Herbert

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See also: herbert

English[edit]

Etymology[edit]

From Old French Herbert, from Frankish *Hari-berct, from a Germanic source heri "army" + berht "bright".

Proper noun[edit]

Herbert

  1. A male given name. In modern use partly transferred back from the surname.
    • 1989 David Leavitt: Equal Affections. ISBN 0-670-821977 page 215:
      Herbert, Sydney, Milton, Seymour. You know, all the time I was growing up I thought those were the most ordinary Jewish first names, until someone pointed out that they were British last names. I guess to my great-grandparents those names must have sounded so modern, so sophisticated, so - non-Eastern European. And now they're just Uncle Miltie, Uncle Sy, Uncle Herb. Do other people have Uncle Donne and Uncle Wordsworth?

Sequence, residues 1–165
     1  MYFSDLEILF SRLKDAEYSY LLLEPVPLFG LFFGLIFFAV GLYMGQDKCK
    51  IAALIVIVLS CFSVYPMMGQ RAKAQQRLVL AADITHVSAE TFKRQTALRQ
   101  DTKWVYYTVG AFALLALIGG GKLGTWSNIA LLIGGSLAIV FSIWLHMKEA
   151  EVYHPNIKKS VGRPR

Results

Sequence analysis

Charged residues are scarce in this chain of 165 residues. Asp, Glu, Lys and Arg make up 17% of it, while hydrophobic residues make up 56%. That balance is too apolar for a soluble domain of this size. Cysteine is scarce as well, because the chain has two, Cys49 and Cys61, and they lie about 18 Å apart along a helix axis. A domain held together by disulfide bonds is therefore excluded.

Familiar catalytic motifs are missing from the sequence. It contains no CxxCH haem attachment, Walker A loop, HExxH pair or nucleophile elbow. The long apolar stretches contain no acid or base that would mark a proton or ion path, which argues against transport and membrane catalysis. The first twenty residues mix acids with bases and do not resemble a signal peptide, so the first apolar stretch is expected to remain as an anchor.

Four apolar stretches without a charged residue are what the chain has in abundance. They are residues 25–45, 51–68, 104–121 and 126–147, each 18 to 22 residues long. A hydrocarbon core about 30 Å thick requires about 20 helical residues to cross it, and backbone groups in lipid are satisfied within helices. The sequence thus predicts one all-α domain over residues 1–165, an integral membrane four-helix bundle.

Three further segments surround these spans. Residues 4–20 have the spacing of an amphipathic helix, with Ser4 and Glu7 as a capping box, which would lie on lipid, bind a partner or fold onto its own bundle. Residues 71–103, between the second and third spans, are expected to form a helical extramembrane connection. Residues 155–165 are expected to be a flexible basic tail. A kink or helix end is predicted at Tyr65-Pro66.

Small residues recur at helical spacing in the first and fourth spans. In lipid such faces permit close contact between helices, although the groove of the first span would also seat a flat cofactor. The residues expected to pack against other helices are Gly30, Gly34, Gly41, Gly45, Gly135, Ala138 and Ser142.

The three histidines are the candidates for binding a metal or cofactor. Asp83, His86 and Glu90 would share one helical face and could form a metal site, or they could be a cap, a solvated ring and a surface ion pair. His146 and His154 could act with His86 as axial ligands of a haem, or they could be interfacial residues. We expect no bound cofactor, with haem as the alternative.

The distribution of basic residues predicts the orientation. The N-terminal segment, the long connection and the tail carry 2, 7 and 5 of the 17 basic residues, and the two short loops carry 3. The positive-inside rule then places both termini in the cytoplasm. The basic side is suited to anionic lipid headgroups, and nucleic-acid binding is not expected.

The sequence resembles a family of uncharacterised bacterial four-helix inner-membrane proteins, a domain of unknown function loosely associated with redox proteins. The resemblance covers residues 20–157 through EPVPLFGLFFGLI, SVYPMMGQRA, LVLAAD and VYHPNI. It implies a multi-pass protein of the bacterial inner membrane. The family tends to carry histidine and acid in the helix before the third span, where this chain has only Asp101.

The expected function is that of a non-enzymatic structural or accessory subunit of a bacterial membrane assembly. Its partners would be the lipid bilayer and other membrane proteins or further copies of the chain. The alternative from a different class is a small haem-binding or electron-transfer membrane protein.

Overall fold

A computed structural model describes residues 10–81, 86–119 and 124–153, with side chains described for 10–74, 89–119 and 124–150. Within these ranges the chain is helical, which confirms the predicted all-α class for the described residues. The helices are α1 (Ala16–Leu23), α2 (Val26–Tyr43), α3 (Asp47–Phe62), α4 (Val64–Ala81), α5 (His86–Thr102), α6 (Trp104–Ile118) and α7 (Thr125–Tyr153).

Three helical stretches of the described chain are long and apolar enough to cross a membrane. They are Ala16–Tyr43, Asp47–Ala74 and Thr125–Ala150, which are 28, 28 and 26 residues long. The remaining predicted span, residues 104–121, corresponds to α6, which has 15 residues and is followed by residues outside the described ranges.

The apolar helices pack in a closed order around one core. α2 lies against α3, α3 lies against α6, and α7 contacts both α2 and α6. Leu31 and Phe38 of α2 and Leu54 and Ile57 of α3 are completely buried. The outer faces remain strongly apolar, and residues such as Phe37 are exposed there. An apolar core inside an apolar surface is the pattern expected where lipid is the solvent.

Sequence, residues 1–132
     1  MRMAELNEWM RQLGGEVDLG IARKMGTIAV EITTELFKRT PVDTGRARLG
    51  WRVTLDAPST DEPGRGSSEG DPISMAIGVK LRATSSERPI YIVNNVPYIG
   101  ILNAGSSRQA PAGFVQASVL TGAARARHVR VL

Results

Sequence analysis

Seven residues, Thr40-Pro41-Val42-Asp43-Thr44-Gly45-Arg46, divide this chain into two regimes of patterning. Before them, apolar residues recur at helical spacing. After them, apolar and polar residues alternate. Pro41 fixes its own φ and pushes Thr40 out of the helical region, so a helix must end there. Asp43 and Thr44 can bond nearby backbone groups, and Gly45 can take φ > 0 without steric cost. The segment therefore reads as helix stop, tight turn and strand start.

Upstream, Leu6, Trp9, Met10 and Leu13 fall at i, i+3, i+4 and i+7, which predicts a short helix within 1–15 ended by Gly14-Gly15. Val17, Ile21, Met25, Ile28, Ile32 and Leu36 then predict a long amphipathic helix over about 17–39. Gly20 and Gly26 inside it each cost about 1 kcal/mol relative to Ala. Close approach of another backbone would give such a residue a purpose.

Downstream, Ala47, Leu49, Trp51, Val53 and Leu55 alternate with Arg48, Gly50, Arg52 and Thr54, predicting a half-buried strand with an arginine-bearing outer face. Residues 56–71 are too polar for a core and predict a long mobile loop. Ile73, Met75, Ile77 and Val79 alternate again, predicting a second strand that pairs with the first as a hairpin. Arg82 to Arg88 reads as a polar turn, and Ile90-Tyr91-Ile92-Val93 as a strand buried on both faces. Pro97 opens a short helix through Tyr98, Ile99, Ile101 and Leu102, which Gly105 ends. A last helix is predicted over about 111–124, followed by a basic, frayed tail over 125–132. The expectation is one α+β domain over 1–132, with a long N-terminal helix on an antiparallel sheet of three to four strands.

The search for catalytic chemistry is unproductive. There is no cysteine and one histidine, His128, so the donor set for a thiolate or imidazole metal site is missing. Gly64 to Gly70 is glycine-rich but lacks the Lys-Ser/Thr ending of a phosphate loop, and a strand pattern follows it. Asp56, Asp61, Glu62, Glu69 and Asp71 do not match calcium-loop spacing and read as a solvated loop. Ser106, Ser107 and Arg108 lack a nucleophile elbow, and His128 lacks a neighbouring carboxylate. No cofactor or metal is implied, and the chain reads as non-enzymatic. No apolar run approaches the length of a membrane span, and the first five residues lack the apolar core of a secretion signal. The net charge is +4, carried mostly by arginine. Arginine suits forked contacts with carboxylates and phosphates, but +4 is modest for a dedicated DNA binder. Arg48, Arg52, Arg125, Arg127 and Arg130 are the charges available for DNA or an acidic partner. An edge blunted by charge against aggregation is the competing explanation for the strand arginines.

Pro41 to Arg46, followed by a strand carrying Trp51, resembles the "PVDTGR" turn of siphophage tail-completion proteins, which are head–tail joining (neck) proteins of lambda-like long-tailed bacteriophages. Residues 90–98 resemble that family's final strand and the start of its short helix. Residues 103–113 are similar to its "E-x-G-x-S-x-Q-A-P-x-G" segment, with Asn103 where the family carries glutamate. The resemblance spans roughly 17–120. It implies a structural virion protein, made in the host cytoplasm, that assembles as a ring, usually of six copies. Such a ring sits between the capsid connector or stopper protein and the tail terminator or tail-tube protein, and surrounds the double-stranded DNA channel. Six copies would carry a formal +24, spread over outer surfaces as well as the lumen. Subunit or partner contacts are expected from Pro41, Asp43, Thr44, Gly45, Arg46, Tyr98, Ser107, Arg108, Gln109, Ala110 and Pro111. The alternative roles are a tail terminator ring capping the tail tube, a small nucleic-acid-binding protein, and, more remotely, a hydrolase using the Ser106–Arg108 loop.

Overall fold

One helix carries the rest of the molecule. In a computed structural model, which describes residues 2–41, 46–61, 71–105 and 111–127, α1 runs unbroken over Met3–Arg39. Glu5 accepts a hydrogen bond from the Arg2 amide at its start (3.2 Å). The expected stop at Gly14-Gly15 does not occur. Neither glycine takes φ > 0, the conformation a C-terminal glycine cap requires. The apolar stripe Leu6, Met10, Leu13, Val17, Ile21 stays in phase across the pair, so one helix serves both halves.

2. A patronymic surname​.
    • ~1593 William Shakespeare: Richard III: Act V, Scene III:
      And you, Sir Walter Herbert, stay with me.

Related terms[edit]

Quotations[edit]

Translations[edit]


Czech[edit]

Czech Wikipedia has an article on:

Wikipedia cs

Proper noun[edit]

Herbert m

  1. A male given name, cognate to English Herbert.

German[edit]

Etymology[edit]

From Old High German heri (army) + beraht (bright).

Proper noun[edit]

Herbert m (genitive Herberts)

  1. A male given name.

See also[edit]


Old French[edit]

Etymology[edit]

From Frankish *Hari-berct. See Saint Herbert.

Proper noun[edit]

Herbert m (nominative singular Herberz)

  1. A male given name.

Swedish[edit]

Proper noun[edit]

Herbert

  1. A male given name, cognate to English Herbert.